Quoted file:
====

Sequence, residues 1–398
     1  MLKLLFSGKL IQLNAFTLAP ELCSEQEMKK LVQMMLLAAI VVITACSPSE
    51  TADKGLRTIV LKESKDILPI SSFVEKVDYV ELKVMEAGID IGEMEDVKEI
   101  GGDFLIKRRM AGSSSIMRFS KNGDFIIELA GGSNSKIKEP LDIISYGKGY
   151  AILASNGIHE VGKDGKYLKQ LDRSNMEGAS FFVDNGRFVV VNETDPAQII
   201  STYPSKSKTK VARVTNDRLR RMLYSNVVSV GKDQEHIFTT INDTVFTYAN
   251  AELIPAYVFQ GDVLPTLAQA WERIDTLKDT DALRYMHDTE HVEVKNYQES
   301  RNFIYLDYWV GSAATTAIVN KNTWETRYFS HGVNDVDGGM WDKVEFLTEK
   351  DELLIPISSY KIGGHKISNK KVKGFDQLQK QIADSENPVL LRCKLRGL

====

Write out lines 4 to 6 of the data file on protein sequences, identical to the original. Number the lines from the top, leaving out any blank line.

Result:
   101  GGDFLIKRRM AGSSSIMRFS KNGDFIIELA GGSNSKIKEP LDIISYGKGY
   151  AILASNGIHE VGKDGKYLKQ LDRSNMEGAS FFVDNGRFVV VNETDPAQII
   201  STYPSKSKTK VARVTNDRLR RMLYSNVVSV GKDQEHIFTT INDTVFTYAN